(c) A registrant's objection must be sincere.

§1636.5   Exclusion from Class 1-A-0 and Class 1-0.

A registrant shall be excluded from Class 1-A-0 or Class 1-0:

(a) Who asserts beliefs which are of a religious, moral or ethical nature, but who is found not to be sincere in his assertions; or

(b) Whose stated objection to participation in war does not rest at all upon moral, ethical, or religious principle, but instead rests solely upon considerations of policy, pragmatism, expediency, or his own self-interest or well-being; or

(c) Whose objection to participation in war is directed against a particular war rather than against war in any form (a selective objection). If a registrant objects to war in any form, but also believes in a theocratic, spiritual war between the forces of good and evil, he may not by reason of that belief alone be considered a selective conscientious objector.

§1636.6   Analysis of belief.

(a) A registrant claiming conscientious objection is not required to be a member of a peace church or any other church, religious organization, or religious sect to qualify for a 1-A-0 or 1-0 classification; nor is it necessary that he be affiliated with any particular group opposed to participation in war in any form.

(b) The registrant who identifies his beliefs with those of a traditional church or religious organization must show that he basically adheres to beliefs of that church or religious organization whether or not he is actually affiliated with the institution whose teachings he claims as the basis of his conscientious objection. He need not adhere to all beliefs of that church or religious organization.

(c) A registrant whose beliefs are not religious in the traditional sense, but are based primarily on moral or ethical principle should hold such beliefs with the same strength or conviction as the belief in a Supreme Being is held by a person who is religious in the traditional sense. Beliefs may be mixed; they may be a combination of traditional religious beliefs and nontraditional religious, moral or ethical beliefs. The registrant's beliefs must play a significant role in his life but should be evaluated only insofar as they pertain to his stated objection to his participation in war.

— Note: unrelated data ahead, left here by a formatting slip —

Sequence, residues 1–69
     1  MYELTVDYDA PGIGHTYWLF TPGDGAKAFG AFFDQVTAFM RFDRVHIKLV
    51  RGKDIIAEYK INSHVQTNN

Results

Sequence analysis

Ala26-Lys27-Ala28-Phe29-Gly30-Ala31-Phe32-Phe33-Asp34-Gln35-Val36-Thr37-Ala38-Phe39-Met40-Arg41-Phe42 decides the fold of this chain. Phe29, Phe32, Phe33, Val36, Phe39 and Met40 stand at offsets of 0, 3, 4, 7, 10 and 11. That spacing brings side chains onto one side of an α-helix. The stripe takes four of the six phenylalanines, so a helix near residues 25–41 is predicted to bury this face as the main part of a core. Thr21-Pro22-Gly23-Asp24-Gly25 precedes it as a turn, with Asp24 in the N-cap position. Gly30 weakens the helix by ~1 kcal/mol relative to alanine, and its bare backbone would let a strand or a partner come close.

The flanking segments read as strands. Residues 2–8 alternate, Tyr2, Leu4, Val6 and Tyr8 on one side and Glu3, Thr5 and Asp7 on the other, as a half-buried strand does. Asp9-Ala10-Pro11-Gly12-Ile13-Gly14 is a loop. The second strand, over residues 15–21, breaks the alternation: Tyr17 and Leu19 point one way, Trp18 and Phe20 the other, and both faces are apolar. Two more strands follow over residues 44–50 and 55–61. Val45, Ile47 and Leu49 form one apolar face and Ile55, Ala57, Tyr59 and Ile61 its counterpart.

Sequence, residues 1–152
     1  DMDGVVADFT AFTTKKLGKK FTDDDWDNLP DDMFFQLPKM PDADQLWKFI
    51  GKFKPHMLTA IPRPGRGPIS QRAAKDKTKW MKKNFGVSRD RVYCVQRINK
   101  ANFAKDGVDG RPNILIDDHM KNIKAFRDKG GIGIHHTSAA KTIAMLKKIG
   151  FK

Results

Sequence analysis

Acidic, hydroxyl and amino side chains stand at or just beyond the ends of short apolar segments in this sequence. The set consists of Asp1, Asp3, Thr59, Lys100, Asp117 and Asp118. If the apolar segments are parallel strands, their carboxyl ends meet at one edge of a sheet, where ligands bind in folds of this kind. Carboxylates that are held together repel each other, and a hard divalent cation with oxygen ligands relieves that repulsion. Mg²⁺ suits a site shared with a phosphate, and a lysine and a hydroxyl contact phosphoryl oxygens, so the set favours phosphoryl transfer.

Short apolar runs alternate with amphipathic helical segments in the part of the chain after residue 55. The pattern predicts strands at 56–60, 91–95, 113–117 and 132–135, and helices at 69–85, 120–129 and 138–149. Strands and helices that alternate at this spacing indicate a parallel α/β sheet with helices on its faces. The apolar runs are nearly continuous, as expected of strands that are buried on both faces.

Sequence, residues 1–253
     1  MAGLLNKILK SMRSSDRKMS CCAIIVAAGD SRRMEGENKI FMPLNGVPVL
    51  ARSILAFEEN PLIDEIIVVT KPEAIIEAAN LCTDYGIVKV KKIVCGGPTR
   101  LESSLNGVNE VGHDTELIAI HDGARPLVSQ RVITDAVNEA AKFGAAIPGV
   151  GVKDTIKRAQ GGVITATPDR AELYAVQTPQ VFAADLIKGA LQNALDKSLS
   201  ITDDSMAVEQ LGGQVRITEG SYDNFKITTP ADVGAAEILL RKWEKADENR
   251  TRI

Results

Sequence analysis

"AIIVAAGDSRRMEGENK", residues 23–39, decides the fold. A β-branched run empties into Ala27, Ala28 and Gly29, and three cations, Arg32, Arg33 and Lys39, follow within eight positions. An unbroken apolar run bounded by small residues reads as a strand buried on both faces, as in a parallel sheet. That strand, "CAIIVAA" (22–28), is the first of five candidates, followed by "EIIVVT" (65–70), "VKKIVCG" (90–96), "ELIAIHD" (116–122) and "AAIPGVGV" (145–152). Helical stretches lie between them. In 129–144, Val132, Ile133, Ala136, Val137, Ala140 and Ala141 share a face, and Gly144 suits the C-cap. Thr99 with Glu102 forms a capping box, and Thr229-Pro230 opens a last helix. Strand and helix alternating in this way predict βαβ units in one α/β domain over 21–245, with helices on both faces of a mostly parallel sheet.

(d) Where the registrant is or has been a member of a church, religious organization, or religious sect, and where his claim of a conscientious objection is related to such membership, the board may properly inquire as to the registrant's membership, the religious teachings of the church, religious organization, or religious sect, and the registrant's religious activity, insofar as each relates to his objection to participation in war. The fact that the registrant may disagree with or not subscribe to some of the tenets of his church or religious sect does not necessarily discredit his claim.

(e)(1) The history of the process by which the registrant acquired his beliefs, whether founded on religious, moral, or ethical principle is relevant to the determination whether his stated opposition to participation in war in any form is sincere.

(2) The registrant must demonstrate that his religious, ethical, or moral convictions were acquired through training, study, contemplation, or other activity comparable to the processes by which traditional religious convictions are formulated. He must show that these religious, moral, or ethical convictions, once acquired, have directed his life in the way traditional religious convictions of equal strength, depth, and duration have directed the lives of those whose beliefs are clearly founded in traditional religious conviction.